A new review: More Than A Romance
"Elizabeth Towles has a way with words. Although this cliche is often heard, it's never been more truer than it is in the case of THE LONG NIGHT MOON. This story is so much more than a romance. The author, with her gift for depth and description, takes you on a soul-deep tour of the NC hills. You meet her people, learn her ways, and at the same time, follow the the story of Darcie. Darcie is introduced to the reader as a headstrong teenager with few morals, and a stubborn desire to get what she wants from life. She has been thrown into a terrible introduction to tragedy, in the deaths of her parents, and responsibility, in an unwanted pregnancy.
When her older brother forces her to move to the 'country house', her life, and she, begin a metamorphosis which will leave you entranced, hopeful, angry, and at the end, ultimately fulfilled.
Travel with Darcie as she learns the ancient ways of the Cherokee people, and the heart-breaking joys of motherhood. Once you start reading THE LONG NIGHT MOON, you won't be able to put it down."
The 'walks' of my mind!
Many things walk through my mind; it changes with the choice of time. For instance, during the day, I tend to write with a conscious eye, with a temperance toward word choices, almost as if I've an invisible watcher editing my thoughts before they find print; now, night time offers a different stage for my writing, I feel the mellowing of my words, my fingers fly across the keyboard with the courage of a Delilah, and thoughts sing a purer truth as the cover of darkness cheers me on. It seems most problems find an answer with only the light of the monitor in front of me. The darkness of the room lets my imagination have a free hand, no censoring of ideas, or judgment sitting on my shoulder.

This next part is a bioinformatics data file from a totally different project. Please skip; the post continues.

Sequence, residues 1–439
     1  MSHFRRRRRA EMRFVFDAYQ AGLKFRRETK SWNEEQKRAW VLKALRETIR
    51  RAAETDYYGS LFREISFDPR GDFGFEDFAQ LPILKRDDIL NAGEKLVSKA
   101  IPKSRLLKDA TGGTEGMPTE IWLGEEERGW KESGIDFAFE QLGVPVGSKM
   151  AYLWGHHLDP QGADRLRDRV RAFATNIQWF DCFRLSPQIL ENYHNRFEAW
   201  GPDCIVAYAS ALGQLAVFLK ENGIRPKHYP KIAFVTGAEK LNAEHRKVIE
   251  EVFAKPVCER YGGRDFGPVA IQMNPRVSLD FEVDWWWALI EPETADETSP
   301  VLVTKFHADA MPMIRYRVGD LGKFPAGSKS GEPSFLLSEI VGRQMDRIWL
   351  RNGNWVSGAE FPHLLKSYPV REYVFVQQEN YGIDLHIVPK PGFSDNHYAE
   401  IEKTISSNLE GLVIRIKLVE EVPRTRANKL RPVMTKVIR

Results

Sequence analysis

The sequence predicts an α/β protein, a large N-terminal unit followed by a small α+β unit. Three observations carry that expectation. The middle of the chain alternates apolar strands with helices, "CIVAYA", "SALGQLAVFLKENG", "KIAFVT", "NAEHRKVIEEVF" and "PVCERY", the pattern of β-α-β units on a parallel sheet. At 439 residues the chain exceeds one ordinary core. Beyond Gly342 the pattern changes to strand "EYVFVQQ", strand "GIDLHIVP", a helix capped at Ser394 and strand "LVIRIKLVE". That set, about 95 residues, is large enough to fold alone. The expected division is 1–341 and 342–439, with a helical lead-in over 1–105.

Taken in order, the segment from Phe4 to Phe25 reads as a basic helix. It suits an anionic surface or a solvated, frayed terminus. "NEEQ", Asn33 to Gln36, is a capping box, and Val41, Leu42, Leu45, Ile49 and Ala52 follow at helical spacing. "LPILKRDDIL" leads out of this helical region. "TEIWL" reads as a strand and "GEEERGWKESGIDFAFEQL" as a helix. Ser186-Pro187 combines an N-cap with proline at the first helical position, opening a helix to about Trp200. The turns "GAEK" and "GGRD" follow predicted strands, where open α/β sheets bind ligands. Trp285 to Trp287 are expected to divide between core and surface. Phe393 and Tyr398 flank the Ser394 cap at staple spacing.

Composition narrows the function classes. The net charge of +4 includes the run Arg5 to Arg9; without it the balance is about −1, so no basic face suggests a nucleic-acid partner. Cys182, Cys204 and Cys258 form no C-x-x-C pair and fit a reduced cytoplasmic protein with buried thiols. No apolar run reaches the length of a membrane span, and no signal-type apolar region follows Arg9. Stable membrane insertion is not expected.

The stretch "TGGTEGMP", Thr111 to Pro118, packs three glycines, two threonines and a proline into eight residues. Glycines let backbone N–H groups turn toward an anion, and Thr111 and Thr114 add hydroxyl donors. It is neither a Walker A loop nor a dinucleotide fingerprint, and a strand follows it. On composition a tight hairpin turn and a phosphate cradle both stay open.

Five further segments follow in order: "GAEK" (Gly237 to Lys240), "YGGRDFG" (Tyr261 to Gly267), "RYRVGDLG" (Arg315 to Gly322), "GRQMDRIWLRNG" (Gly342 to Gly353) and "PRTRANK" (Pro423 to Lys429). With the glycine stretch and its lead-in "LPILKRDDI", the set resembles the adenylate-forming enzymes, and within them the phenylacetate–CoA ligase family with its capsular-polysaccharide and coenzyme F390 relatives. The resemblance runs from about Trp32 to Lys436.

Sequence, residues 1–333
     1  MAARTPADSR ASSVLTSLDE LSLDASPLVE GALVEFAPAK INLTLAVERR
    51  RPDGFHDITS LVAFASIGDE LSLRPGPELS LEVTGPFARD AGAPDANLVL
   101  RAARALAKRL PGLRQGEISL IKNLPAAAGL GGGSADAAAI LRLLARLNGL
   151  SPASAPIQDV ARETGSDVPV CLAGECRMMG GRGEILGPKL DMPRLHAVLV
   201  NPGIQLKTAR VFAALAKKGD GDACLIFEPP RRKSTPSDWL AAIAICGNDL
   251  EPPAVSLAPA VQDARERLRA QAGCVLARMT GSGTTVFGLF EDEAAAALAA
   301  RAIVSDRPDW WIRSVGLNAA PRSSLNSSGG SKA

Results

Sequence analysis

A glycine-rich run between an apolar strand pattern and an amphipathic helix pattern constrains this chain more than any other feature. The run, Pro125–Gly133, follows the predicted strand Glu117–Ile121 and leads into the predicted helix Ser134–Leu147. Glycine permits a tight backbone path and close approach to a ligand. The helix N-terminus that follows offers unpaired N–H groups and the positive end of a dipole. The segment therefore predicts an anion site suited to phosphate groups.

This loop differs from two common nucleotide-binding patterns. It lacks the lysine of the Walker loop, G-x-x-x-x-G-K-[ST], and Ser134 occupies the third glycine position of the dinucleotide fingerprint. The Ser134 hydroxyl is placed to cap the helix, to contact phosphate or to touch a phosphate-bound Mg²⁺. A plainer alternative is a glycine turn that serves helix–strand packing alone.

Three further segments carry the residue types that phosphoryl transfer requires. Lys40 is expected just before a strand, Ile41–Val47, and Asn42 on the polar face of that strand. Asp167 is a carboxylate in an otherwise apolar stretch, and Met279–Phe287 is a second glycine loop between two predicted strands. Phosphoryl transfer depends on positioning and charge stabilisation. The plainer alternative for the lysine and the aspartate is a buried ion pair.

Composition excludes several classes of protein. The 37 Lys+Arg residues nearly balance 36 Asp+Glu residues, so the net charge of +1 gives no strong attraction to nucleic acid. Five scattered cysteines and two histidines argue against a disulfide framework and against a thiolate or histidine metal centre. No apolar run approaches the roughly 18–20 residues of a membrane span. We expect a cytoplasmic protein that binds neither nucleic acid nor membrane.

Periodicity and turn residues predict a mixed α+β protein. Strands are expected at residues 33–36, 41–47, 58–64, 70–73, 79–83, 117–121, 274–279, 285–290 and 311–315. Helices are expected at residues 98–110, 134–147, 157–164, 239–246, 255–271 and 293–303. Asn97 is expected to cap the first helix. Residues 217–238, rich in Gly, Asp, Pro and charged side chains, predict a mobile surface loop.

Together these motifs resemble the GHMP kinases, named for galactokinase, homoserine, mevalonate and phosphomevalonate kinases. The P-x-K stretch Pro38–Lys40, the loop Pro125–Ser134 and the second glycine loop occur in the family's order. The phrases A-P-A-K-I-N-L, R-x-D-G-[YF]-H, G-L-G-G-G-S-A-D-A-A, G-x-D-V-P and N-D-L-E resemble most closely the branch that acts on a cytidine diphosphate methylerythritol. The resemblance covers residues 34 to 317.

The 'Memory Chair' -
"This...sitting around the fire," Wa`si said, "reminds me of my father and his friends. They would sit around the campfire gathering up its energy and before long there would be sharing time. The one designated to talk held the 'memory chair' until his story ended." He paused, as though his story mimicked the moment as the fire's strength entered into him, giving his words newly found power. "When I reached manhood, at sixteen, I was allowed to sit with the group. It was from these stories passed around from the one in the 'memory chair' that I learned the meaning of honor, and the importance of everything relative to what's around us. Best of all, I was taught that a strong man can show meekness without being weak...and shed tears without feeling shame....